Solar power is a growing American success story

Hundreds of thousands of Americans have gone solar and millions more are ready to join their ranks so all of us can power our lives and our communities with clean, renewable, local energy. The barriers to solar are falling faster than ever, too, with more and more cities, states and companies adopting innovative pro-solar policies that have made solar cheaper and easier to install.

That’s why we have 10 times more solar power in the U.S. today than we did in 2010, enough to power more than 5 million homes, with another home going solar every two minutes, as of the end of 2015.

What are we up against? 

Yet just as solar is about to reach a tipping point, some utilities and other special interests want to throw new obstacles in the way. Our Solar for All campaign is working to knock those barriers out of the way so more Americans can go solar.

We’re working with our national network to urge mayors, governors and others to set ambitious solar goals and commitments, offer new solar incentives, and promote new community solar programs. And we’re mobilizing people to counter the utilities and other special interests who want to make solar more expensive and harder to install.

We’re fighting attacks

And we’re winning. In just the past year, we’ve turned back attacks on solar in Arizona, Colorado and New Mexico and won new commitments to solar in Austin and Houston, Athens and Atlanta, and New York State and California, among other places. Over the last 10 years, we’ve helped establish dozens of pro-solar programs, including the biggest: California’s Million Solar Roofs Initiative.

What can you do? 

We want you to join us by showing your support for solar. You can send an email to your local officials, write a letter to your local newspaper, attend one of our solar forums, or join us at a news conference or other special event.

Whatever you can do, the time for action is now. Solar is at a tipping point. If we keep winning more pro-solar policies, we’ll see millions more Americans go solar in the next decade, putting us on a path to a 100% renewable future. If we let utilities and other special interests get in the way, that future will remain out of reach as solar sputters and stalls.

Together, we can achieve Solar for All

We can do this. Together, we can bring more solar power to our homes, our communities, our churches and schools, our workplaces and our lives—and leave a cleaner, healthier world for kids growing up today and future generations.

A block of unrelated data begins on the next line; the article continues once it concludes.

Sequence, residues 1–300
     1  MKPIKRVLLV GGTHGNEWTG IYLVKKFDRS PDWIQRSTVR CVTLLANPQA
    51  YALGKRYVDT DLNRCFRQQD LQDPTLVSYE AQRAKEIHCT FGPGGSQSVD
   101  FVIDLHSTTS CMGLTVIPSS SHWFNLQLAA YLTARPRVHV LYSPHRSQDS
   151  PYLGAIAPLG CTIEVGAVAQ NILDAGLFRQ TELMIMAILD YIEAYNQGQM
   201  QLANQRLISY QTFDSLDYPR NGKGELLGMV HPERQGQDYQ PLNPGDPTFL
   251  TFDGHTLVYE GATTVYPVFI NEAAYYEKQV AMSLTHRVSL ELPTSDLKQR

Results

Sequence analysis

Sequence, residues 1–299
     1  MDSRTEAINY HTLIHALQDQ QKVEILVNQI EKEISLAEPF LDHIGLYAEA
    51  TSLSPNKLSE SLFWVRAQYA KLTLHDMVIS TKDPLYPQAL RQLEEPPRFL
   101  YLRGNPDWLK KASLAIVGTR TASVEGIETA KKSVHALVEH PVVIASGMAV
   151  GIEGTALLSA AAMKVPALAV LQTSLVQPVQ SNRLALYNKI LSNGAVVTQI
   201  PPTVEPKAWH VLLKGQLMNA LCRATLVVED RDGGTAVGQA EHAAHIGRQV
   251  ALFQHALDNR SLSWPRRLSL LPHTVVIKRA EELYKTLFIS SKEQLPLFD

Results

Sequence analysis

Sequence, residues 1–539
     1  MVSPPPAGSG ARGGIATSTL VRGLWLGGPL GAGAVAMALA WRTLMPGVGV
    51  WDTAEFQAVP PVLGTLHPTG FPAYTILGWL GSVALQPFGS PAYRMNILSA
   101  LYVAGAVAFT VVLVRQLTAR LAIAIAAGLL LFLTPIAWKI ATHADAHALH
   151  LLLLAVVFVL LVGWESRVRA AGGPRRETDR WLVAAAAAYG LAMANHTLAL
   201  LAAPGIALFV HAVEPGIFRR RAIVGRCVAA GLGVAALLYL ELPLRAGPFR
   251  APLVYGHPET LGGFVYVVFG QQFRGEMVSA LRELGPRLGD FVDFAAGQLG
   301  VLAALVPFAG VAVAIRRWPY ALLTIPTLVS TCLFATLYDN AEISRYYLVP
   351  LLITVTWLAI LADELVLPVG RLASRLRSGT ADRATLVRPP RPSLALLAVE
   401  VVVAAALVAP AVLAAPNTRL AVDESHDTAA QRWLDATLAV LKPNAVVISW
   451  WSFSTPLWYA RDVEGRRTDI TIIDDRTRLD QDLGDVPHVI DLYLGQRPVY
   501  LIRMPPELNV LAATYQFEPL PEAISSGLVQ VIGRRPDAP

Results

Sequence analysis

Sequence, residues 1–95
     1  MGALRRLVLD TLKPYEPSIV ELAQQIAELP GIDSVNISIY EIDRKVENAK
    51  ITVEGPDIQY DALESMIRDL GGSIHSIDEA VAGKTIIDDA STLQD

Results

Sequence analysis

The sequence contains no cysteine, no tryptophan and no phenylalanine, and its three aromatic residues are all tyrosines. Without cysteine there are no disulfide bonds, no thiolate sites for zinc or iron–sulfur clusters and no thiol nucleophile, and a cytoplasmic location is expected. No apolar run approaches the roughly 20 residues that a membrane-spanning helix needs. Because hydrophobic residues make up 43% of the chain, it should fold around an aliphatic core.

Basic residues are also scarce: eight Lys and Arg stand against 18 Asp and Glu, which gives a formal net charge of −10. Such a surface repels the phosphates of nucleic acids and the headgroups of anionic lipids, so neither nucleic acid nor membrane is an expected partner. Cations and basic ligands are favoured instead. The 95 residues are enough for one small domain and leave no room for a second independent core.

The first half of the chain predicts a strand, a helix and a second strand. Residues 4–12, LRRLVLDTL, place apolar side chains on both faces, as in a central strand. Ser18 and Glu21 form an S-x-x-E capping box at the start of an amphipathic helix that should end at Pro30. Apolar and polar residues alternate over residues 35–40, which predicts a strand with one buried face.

Solar For All Updates

Report | Environment Washington Research & Policy Center

Star Power: The Growing Role of Solar Energy in Washington

A future in which America gets at least 10 percent of its electricity from the sun is within reach.

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Report | Environment Washington Research & Policy Center

Star Power: The Growing Role of Solar Energy in Washington

A future in which America gets at least 10 percent of its electricity from the sun is within reach.

> Keep Reading
News Release | Environment Washington

Environment Washington Endorses Candidates for 2014 Elections

Environment Washington, a statewide environmental organization, announced today the endorsement of three candidates for federal office in the 2014 elections.

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News Release | Environment Washington

New Report: Solar Capacity in Washington Grew By 33% in 2013

Environment Washington Research & Policy Center released a new report: Lighting the Way: The Top Ten States that Helped Drive America’s Solar Energy Boom in 2013, showing strong solar growth across the nation including a 33 percent increase in Washington in 2013. The report emphasizes that it is not availability of sunlight that makes states solar leaders, but the degree to which state and local governments have created effective public policy to help capture the virtually unlimited and pollution-free energy from the sun. 

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News Release | Environment Washington

Solar Advocates Gather For "Solar Panel Discussion"

On Thursday evening, representatives from the solar industry, Evergreen students, environmentalists and Olympia residents convened at the Evergreen State College for a “panel discussion” to determine the future of solar power in Washington State.

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